The Charlatans – live review from FOMfest
live review: Fomfest
May 22nd 2011
A flash of tangerine orange backstage catches the eye – the distinctive glow of a departing Salford Van Hire vehicle completing a laborious manoeuvre over boggy ground.
It’s Mark E Smith’s signature mode of transport and given The Fall have recently vacated the stage, it seems a coincidence too far.
Whether it’s the angry clouds curling round Capesthorne Hall’s distinctive pinnacles and turrets, the prospect of The Charlatans or the band’s urgent need to go and lie in a darkened room that is calling Mark away is unclear. But one thing’s for sure, Tim Burgess and co are going to have to go the extra mile to top the toe-curling brilliance of The Fall’s set.
With the grim resolve of Death Row criminals guitarist Pete Greenway, bassist Dave ”ËThe Eagle’ Spurr and drummer Keiron Melling resurrected old classics such as ”ËPsykick Dance Hall’ and ”ËMuzorewi’s Daughter’ ”â resolutely ignoring Smith as he tinkered with mics, twiddled with knobs and stood with his arse in the air – scrabbling with crumpled lyric sheets.
Aiming a petulant backheel at the soundman for daring to restore the bass drum mic from its broken pelican stoop”Â¦overturning a cymbal and nudging his wife Eleanor unceremoniously off the organ to tunelessly thump the keys, Mark was in fine fettle ”â curmudgeonly, incomprehensible, unmissable.
After The Fall – the musical equivalent of a Heston Blumenthal aperitif – FOM Fest serves up its main course of The Charlatans.
Under the belt of a blue-black sky the last remaining festival-goers swarm to the Satellite Stage ”â gathering in a dense shape-shifting mass that consumes the grounds in a matter of minutes.
The broken carcass of the Big Top and eerily empty Bowl Stage hint at the rain and hail-lashed horror we’ve endured to get to this point. But now is the time to shake off the cloak of malaise and party to the final curtain.
The spindle-thin legs of Burgess are seen ascending the stage-side steps as sound technicians lavish their final attentions on the band’s keyboard, which is so central to The Charlatans’ sound.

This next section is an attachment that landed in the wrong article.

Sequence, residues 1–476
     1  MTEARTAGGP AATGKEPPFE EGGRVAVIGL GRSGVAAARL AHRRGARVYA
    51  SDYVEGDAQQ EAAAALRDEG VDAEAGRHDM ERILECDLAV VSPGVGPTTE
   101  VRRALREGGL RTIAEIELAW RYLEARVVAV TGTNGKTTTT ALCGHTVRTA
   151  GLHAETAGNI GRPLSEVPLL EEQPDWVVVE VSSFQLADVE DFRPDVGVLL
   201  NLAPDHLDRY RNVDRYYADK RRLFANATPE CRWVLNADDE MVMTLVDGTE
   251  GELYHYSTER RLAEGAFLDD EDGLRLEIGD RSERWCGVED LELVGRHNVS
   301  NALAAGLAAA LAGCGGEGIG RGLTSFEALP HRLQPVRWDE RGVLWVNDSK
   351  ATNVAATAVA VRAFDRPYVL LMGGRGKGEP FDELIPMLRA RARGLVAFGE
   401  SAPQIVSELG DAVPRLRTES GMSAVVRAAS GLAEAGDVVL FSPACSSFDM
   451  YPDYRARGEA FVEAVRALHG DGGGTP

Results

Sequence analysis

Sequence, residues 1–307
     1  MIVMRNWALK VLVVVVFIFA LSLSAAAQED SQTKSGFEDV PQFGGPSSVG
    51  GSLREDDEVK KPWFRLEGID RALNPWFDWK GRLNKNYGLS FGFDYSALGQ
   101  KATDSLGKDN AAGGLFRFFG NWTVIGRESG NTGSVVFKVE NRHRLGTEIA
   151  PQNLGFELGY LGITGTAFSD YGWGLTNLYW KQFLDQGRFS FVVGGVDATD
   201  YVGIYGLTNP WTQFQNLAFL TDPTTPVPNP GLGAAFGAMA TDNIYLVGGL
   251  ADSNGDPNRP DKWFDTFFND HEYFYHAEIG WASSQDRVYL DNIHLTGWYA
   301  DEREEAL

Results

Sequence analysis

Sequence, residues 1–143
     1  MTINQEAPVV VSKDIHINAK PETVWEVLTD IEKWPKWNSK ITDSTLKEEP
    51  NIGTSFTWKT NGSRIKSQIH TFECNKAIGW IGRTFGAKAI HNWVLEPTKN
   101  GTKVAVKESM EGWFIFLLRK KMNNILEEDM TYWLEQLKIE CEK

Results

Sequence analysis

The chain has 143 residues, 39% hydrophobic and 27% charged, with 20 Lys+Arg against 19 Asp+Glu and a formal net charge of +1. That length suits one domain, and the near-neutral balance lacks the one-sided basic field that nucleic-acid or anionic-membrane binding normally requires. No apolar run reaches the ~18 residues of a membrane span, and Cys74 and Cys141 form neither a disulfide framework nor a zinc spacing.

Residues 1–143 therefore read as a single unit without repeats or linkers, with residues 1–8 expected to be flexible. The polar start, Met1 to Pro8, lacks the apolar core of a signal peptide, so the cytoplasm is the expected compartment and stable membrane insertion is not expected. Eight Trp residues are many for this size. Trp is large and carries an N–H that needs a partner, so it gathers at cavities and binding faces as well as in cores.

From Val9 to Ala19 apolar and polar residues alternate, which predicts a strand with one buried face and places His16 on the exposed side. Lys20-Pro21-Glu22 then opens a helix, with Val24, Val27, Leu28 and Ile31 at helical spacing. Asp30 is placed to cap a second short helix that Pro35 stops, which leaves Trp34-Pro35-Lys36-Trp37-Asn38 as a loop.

It’s a cockle-warming sight to watch the band finally step out and take up their respective positions – Burgess grinning broadly and toying shyly with his coat hem. The bowlcut may have been replaced by a bedraggled pony tail, but at 43 he’s still got the cupid lips that made him an indie poster-boy back in the day.
Launching into opening number ”ËThen’ Burgess settles into a baggy-tastic dance groove – think Bez without the bug-eyed flaying.
It’s catching and as we accelerate into ”ËWeirdo’ a sea of arms spike upwards. The wicked puppetry of keyboardist Tony Rogers, guitarist Mark Collins, bassist Martin Blunt and drummer Jon Brookes stretch our strings even tighter with the likes of ”ËNorth Country Boy’, ”ËOne To Another’ and ”ËThe Only One I Know’.
Like A Certain Ration and Buzzcocks before them The Charlatans seem determined to prove these young whippersnappers don’t make ”Ëem like they used to ”â treating us to hit after bona fide hit from their three best-selling albums.
A tsunami of good feeling begins in the mosh pit, swells up the grassy knoll and ripples back to the food vans and retailers who have all stopped to watch. A lone St John’s Ambulance woman is seen getting her groove on in a mud-spattered hi-vis jacket.
Drawing the festival to a sweeping, anthemic close with ”ËSproston Green’ The Charlatans leave Capesthorne Hall and its satisfied party people to a well-earned sleep.